Successful gene therapy, in which introduction of an external DNA construct replaces an absent or malfunctioning gene, will depend in large part on ensuring specific targeting of gene expression to appropriate cell types. The rare human syndrome of dopamine β-hydroxylase (DBH) deficiency results in severe orthostatic hypotension, ptosis, and high levels of circulating dopamine (DA), which reflect the inability of noradrenergic cells to synthesize norepinephrine (NE), resulting in absence of sympathetic noradrenergic tone [1, 2]. Human DBH deficiency results from rare deleterious mutations in the DBH gene, which lead to absent or inadequate expression of DBH protein [3].

Targeted disruption of Dbh in mice produces a precise model of DBH deficiency [4]. The observations that Dbh -/- mice are born in substantially smaller proportions than predicted by Mendelian expectations, and that surviving pups exhibit almost 100% mortality within the first week of life [4], highlight the essential roles of DBH and NE in development and survival. Prenatal and perinatal administration of L-3,4-dihydroxyphenylserine (DOPS), a hydroxylated precursor that is converted to NE by the enzyme aromatic acid decarboxylase (AADC), restores NE synthesis and rescues survival of Dbh -/- animals. The pre-natal mortality associated with the Dbh-/- phenotype arises from cardiovascular instability, which for unclear reasons stabilizes shortly after birth, thus allowing withdrawal of DOPS support. Once DOPS-treated Dbh -/- mice are born, they survive without pharmacological intervention, thereby allowing study of this interesting mutant in adulthood in the absence of NE. Dbh -/- mice have been a useful tool in a variety of investigations of the role of NE in behavior, including neurologically and psychiatrically relevant phenotypes such as arousal [57], seizure susceptibility [8], anxiety- and depression-like behaviors [9, 10], learning and memory [11, 12] and a variety of responses to drugs of abuse [1318].

DBH activity can be measured in human serum, where the wide variation in enzyme activity observed in the population reflects variations in levels of DBH protein derived from sympathetic noradrenergic neurons and neurosecretory cells of the adrenal medulla [19]. Serum DBH level is a genetic trait largely refractory to environmental influences [1921]. Genotype at -970C>T (rs1611115), a single nucleotide polymorphism (SNP) residing 970 bp upstream of the transcriptional start site of the DBH gene, accounts for 30–50% of the variance in serum DBH levels [22]. The C allele associates with substantially higher serum DBH activity than the T allele, an observation that has been repeatedly replicated in human samples of diverse ancestry [2225]. However, because this SNP lies in the vast presumptive promoter region that contains many other variants, demonstrating a cause-and-effect relationship has been difficult. A genome-wide association study (GWAS) of serum DBH levels recently demonstrated that -970 C>T associates with variation in serum DBH more strongly than any other marker tested across the genome [26]. The foregoing observations prompted the hypothesis that -970C>T associates with variation in serum DBH activity because it alters expression of the DBH gene, which should be detectable at the mRNA level. Chen and colleagues [27] tested the function of -970C>T in transient transfection assays of reporter plasmids containing each allele in the context of approximately 3 kb of DBH upstream sequence. Their results supported the hypothesis that -970C>T alters gene expression, but interestingly, yielded data suggesting the T allele associates with higher reporter expression than the C allele, a result that is opposite to that expected from association studies of human serum DBH.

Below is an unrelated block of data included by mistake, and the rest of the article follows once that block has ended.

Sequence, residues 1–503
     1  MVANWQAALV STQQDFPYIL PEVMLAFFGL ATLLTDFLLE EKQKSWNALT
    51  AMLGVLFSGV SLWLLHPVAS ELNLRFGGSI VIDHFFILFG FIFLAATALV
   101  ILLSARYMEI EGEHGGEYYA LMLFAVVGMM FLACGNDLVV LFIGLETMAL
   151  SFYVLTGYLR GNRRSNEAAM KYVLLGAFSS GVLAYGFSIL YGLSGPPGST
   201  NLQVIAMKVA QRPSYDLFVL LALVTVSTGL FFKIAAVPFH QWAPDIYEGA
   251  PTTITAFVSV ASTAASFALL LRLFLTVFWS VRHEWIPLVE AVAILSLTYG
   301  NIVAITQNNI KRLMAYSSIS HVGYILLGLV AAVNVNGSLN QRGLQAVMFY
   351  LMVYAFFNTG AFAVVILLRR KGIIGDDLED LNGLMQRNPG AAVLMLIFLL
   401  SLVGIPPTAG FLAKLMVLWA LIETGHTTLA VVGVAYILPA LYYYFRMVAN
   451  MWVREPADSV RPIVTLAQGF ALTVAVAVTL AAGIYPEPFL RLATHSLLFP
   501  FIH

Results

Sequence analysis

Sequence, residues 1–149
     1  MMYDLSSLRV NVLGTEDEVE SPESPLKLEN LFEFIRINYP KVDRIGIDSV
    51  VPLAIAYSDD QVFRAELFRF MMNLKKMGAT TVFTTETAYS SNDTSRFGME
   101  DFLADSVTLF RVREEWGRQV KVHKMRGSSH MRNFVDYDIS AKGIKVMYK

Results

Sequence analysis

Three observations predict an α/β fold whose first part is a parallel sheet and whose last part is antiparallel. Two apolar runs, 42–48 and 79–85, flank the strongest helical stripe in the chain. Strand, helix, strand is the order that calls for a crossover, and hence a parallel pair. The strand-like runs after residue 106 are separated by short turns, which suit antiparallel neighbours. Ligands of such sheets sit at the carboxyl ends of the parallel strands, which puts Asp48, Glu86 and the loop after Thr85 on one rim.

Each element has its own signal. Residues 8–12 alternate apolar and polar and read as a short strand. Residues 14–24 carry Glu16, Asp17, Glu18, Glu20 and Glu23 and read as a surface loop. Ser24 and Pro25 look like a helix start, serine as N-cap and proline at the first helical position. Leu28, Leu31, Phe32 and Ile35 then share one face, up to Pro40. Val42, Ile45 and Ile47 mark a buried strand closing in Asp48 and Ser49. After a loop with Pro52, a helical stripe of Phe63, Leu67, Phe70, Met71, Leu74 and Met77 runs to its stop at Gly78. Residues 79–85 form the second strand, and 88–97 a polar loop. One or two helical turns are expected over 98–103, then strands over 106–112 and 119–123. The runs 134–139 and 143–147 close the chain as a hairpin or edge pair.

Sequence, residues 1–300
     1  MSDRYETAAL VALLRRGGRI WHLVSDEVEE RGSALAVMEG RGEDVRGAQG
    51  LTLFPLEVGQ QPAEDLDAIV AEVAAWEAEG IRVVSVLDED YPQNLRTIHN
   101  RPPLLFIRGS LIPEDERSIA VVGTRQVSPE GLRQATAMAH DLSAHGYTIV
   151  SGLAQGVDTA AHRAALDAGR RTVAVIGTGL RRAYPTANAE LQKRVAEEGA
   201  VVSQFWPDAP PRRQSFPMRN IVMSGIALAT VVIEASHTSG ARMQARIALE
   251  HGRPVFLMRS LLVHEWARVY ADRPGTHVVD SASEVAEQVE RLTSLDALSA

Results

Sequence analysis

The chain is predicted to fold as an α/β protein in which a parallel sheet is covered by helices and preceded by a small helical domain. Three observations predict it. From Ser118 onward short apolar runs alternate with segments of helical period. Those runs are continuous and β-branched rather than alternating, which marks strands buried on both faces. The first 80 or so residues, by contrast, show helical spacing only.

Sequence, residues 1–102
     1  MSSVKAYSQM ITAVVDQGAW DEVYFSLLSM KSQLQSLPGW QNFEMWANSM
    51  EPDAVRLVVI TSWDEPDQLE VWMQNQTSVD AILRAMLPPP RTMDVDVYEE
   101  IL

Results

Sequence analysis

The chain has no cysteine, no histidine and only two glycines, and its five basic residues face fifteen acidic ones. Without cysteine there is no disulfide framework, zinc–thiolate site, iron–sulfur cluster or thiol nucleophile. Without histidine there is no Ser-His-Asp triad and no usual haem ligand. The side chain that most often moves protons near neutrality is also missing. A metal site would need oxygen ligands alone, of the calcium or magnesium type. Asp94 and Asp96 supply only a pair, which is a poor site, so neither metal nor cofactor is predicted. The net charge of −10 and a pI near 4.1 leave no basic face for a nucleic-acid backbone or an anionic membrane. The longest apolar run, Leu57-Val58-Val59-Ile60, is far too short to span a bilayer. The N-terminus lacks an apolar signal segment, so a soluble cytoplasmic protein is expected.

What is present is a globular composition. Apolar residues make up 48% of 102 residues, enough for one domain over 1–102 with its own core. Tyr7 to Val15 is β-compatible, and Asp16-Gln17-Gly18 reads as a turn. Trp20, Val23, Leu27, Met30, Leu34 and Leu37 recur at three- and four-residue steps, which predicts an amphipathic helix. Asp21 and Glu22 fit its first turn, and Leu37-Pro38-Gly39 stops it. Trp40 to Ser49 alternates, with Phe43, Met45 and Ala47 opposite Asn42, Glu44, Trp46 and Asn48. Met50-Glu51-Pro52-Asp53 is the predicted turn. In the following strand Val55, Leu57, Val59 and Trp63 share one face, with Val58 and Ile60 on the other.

Barrie and colleagues [28] examined DBH mRNA expression in human tissues, providing evidence that -970C>T associates with variation in DBH mRNA expression in liver (where DBH is presumed to be present by virtue of hepatic sympathetic innervation), with the T allele associating with lower DBH mRNA expression. However, there was no evidence for an association of -970C>T with variation in DBH mRNA expression in the brain or adrenals. Thus, available evidence suggests that the influence of -970C>T on expression of DBH may be specific to sympathetic neurons. Interestingly, the association of variation at -970C>T with DBH expression at the mRNA level in transient transfection assays [25] is in the opposite direction expected from its association with serum DBH activity and in human liver [28]. The reason for this set of observations remains unknown, although it is likely that the transient transfection constructs lacked all of the pertinent regulatory sequences present in vivo.